Near Surface Composition and Reactivity of Indium Tin Oxide: An Evaluation Towards Surface Chemical Concepts and Relevance in Titanyl Phthalocyanine Photovoltaic Devices
AuthorBrumbach, Michael T.
indium tin oxide
surfaces and interfaces
AdvisorArmstrong, Neal R.
Committee ChairArmstrong, Neal R.
MetadataShow full item record
PublisherThe University of Arizona.
RightsCopyright © is held by the author. Digital access to this material is made possible by the University Libraries, University of Arizona. Further transmission, reproduction or presentation (such as public display or performance) of protected items is prohibited except with permission of the author.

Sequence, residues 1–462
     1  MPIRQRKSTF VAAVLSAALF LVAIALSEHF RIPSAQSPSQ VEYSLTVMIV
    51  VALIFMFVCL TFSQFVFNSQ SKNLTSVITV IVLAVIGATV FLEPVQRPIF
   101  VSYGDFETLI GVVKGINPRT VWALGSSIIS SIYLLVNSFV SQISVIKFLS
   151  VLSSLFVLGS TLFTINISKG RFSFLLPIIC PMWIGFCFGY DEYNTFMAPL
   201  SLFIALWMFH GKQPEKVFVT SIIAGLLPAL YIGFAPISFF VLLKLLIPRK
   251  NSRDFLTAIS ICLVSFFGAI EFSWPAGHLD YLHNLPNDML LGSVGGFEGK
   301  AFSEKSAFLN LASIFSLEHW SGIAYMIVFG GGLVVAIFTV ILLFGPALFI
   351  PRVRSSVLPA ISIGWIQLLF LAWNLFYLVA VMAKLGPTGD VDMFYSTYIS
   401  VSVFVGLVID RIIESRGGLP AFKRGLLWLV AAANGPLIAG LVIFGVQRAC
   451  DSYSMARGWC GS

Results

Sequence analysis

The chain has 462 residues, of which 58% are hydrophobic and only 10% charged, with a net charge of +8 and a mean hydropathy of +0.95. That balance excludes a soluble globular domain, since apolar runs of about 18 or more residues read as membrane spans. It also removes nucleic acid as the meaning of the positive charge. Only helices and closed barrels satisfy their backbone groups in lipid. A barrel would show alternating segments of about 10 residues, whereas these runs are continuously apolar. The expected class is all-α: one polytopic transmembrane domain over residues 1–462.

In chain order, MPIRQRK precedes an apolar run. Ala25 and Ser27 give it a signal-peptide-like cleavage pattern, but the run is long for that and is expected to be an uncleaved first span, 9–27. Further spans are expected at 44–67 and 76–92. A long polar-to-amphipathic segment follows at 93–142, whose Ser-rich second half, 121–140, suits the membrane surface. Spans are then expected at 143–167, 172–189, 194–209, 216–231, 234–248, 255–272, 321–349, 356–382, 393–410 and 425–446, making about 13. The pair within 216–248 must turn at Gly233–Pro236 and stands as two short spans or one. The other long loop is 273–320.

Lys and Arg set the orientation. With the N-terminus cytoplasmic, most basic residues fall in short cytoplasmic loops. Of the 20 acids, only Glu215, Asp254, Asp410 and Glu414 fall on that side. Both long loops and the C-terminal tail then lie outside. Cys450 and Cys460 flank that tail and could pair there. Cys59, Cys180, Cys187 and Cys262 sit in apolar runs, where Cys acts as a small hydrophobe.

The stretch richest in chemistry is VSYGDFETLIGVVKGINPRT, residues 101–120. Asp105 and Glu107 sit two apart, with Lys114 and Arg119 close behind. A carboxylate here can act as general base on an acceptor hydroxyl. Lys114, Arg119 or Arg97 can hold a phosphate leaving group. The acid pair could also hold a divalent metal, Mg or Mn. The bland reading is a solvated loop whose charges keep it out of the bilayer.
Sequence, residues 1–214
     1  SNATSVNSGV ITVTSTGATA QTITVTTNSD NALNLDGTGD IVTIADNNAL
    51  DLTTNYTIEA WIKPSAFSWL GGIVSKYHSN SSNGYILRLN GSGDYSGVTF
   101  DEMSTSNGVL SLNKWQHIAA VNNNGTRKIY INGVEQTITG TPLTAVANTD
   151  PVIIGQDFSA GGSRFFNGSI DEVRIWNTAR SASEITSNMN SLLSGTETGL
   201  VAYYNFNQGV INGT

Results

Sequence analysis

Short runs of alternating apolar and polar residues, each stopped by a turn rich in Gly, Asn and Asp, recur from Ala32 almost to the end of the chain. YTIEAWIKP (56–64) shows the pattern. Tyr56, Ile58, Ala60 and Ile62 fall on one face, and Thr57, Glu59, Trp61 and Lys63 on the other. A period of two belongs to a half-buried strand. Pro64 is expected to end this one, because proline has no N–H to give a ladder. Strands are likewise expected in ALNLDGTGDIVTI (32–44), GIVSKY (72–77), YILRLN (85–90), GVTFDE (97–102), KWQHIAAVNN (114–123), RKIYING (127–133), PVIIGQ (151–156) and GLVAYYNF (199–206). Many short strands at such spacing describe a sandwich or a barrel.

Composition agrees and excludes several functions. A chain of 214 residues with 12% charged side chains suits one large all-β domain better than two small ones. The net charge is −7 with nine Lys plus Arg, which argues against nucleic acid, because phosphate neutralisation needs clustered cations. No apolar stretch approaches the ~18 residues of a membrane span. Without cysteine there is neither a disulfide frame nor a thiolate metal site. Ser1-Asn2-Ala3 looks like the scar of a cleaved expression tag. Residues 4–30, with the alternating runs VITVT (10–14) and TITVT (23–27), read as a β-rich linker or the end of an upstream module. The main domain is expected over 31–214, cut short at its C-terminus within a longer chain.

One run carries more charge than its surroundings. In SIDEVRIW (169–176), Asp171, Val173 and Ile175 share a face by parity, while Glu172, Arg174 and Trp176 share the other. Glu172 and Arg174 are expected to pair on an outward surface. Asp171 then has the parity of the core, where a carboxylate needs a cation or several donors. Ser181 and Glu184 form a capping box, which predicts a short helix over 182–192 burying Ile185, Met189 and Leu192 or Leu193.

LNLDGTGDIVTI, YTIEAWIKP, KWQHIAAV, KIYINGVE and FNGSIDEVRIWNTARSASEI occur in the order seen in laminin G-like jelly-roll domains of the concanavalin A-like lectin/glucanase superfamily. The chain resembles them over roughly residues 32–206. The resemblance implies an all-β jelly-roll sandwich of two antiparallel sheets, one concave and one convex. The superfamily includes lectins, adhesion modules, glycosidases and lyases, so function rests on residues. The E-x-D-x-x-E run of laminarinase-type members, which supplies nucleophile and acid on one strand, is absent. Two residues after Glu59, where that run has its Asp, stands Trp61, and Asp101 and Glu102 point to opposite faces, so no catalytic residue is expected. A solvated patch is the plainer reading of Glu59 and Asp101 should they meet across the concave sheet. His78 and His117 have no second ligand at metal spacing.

AbstractPhotovoltaics manufactured using organic materials as a substitute for inorganic materials may provide for cheaper production of solar cells if their efficiencies can be made comparable to existing technologies. Photovoltaic devices are comprised of layered structures where the electrical, chemical, and physical properties at the multiple interfaces play a significant role in the operation of the completed device. This thesis attempts to establish a relationship between interfacial properties and overall device performance by investigation of both the organic/organic heterojunction interface, as well as the interface between the inorganic substrate and the first organic layer with useful insights towards enhancing the efficiency of organic solar cells.It has been proposed that residual chemical species may act as barriers to charge transfer at the interface between the transparent conductor (TCO) and the first organic layer, possibly causing a large contact resistance and leading to reduced device performance. Previous work has investigated the surface of the TCO but no baseline characterization of carbon-free surfaces has previously been given. In this work clean surfaces are investigated to develop a fundamental understanding of the intrinsic spectra such that further analyses of contaminated surfaces can be presented systematically and reproducibly to develop a chemical model of the TCO surface.The energy level offset at the organic/organic heterojunction has been proposed to relate to the maximum potential achievable for a solar cell under illumination, however, few experimental observations have been made where both the interface characterization and device performance are presented. Photovoltaic properties are examined in this work with titanyl phthalocyanine used as a novel donor material for enhancement of spectral absorption and optimization of the open-circuit potential. Characterization of the interface between TiOPc and C60 coupled with characterization of the interface between copper phthalocyanine and C60 shows that the higher ionization potential of TiOPc does correlate to greater open circuit potentials.Examination of photovoltaic behavior using equivalent circuit modeling relates the importance of series resistance and recombination to the homogeneity of the solar cell structure.